On Tuesday, seven Marines, six of them members of a sniper team, and all from Ohio, died in Iraq. The six snipers were ambushed outside a town called Haditha. The next day, 14 more Marines, also Ohio-based, died when the amphibious vehicle in which they were riding was destroyed by an improvised explosive device, not far from where the snipers died the day before. All were members of the Ohio-based 3d battalion, 25th Marines.
Their deaths pushed the official total of men and women who have lost their lives in a war to which they should never have been sent to more than 1,800. That figure, horrible as it is, may be as bogus as the reasons given by Cheney and Bush for starting the war, given reports that it does not include wounded who died en route from Iraq to hospitals in Germany or after they arrive there.
We know the administration has lied about the number of wounded, in that they do not include in that number men and women who have suffered combat-related mental breakdowns that required evacuation. Even so, the number of wounded is probably more than10 times the KIA figure.
Also on Tuesday, another Ohio Marine became a casualty, but this Marine's story may come to have a happy ending. Paul Hackett, a Marine reserve major recently returned from service in Iraq, lost his bid to fill the unexpired term of Republican Rep. Rob Portman who resigned to become U.S. trade representative. Hackett, a Democrat, lost to Jean Schmidt, a former member of the Ohio House of Representatives.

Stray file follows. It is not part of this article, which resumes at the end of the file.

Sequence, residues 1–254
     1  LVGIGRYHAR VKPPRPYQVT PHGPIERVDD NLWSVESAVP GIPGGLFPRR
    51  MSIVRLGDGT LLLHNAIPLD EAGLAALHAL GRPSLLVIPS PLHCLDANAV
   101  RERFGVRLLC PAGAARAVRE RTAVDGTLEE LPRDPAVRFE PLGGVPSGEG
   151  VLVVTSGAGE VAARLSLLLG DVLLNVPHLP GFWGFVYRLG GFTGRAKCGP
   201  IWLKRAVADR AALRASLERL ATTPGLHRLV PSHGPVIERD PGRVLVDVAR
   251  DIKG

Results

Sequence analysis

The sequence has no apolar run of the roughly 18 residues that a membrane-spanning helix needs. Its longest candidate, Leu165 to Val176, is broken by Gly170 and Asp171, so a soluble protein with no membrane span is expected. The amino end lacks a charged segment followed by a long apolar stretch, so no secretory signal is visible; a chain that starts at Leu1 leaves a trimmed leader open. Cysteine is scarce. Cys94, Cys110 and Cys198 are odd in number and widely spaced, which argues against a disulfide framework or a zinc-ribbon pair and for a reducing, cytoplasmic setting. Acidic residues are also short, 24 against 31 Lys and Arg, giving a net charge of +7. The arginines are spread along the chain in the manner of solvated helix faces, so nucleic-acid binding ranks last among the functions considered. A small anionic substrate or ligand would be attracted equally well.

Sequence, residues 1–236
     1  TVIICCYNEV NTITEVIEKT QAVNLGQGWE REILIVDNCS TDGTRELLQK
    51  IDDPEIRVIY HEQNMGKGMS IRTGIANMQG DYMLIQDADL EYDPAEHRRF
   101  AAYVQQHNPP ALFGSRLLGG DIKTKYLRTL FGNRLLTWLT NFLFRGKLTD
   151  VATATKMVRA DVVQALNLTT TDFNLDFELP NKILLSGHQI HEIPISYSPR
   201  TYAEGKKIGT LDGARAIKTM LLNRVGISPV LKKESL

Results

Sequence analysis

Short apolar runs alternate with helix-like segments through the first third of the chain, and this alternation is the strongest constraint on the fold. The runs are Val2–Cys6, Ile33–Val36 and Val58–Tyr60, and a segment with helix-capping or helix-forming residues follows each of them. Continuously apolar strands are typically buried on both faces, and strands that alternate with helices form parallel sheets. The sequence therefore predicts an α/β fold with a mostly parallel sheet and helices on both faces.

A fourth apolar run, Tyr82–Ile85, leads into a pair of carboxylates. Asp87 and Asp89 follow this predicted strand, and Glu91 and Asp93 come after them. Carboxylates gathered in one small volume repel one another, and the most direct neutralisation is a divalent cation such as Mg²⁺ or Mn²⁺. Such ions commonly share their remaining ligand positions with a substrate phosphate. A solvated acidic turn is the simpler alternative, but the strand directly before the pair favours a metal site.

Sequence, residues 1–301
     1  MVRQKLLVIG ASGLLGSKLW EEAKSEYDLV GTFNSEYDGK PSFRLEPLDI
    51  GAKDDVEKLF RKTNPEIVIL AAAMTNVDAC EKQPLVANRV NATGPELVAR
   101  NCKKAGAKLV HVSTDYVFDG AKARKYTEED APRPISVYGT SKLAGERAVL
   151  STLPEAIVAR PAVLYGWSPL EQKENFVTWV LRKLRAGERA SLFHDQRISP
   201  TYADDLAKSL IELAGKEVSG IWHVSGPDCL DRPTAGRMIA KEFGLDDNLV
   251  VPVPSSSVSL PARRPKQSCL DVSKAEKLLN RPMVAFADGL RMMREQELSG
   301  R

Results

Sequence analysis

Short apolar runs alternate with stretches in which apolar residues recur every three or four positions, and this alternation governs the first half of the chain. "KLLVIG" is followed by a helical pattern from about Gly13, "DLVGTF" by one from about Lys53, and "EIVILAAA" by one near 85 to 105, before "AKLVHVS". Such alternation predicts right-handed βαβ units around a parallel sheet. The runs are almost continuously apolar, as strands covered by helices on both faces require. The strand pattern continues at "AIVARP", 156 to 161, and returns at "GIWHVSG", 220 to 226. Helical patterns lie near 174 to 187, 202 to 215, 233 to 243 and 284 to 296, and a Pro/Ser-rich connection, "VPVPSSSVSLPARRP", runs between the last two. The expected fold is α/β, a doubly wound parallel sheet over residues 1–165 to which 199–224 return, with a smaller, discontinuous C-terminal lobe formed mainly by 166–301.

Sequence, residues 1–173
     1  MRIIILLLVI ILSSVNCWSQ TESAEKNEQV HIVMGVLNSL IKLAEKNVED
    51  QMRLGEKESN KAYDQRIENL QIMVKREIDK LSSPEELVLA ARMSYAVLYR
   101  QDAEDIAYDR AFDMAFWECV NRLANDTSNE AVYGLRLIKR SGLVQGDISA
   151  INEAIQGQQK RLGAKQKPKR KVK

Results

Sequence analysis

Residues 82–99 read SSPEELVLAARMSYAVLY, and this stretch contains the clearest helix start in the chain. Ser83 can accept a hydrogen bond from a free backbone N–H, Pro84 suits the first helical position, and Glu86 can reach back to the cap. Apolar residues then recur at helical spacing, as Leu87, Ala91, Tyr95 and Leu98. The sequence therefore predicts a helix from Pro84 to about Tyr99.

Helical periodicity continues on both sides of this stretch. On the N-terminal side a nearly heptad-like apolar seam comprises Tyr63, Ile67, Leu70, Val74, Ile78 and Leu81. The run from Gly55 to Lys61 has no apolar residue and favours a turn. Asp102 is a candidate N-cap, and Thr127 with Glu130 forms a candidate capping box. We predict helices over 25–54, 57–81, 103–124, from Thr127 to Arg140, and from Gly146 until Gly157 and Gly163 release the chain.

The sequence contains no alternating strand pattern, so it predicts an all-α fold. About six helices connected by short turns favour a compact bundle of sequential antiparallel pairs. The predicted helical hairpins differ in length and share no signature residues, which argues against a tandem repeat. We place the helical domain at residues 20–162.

Hackett, a newcomer to politics, figured to be steamrollered, because Ohio's 2nd Congressional District is about as Republican a district as there is to be found, in Ohio or anywhere else. But he came close to winning, losing by a 52-48 margin.
Democrats in Ohio and nationally are hailing Hackett's near thing as a victory, which is a bit of stretch, given that it will be Schmidt, a down-the-line Cheney/Bush devotee, going to Congress and not their man.
Even so, Hackett's near upset may be a portent. In a pre-election television interview, Schmidt dismissed Hackett, telling a reporter in effect that all her opponent had going for him was Iraq. Which was almost enough. In an interview with Democracy Now's Amy Goodman the day after the election, Hackett told about Marines from Ohio and across the country, men who had served in Iraq and had experienced the results of that mismanaged venture, who came to campaign for him.
To his credit, Hackett refused to let Goodman put words in his mouth. He declined her invitation to call the war unjust and he also declined to call for an immediate pullout. He called the war mismanaged from the start, but argued that we cannot, in good conscience simply walk away from the mess we've made of that country.
At the same time, he spoke of Marines and soldiers still in Iraq as "young Democrats in the making." If he's right about that, then Bush and Cheney and the rest of those neocon liars who raved about weapons of mass destruction and a "cakewalk" invasion are going to find themselves in trouble if and when those young fighters come home.
Hackett also said he is ready to return to Iraq if called upon, which appeared to confound Goodman. She apparently doesn't understand Marines.
As for Schmidt, she is fortunate that the election was held the day before rather than the day after those 14 Ohio Marines died in Iraq.
But how many more of those brave men and women need to die before an indifferent public wakes up and demands a workable end to what's happening there, and not just empty slogans coming from an empty head.
Rossie is associate editor of the Press & Sun-Bulletin.
© 2005 Press & Sun-Bulletin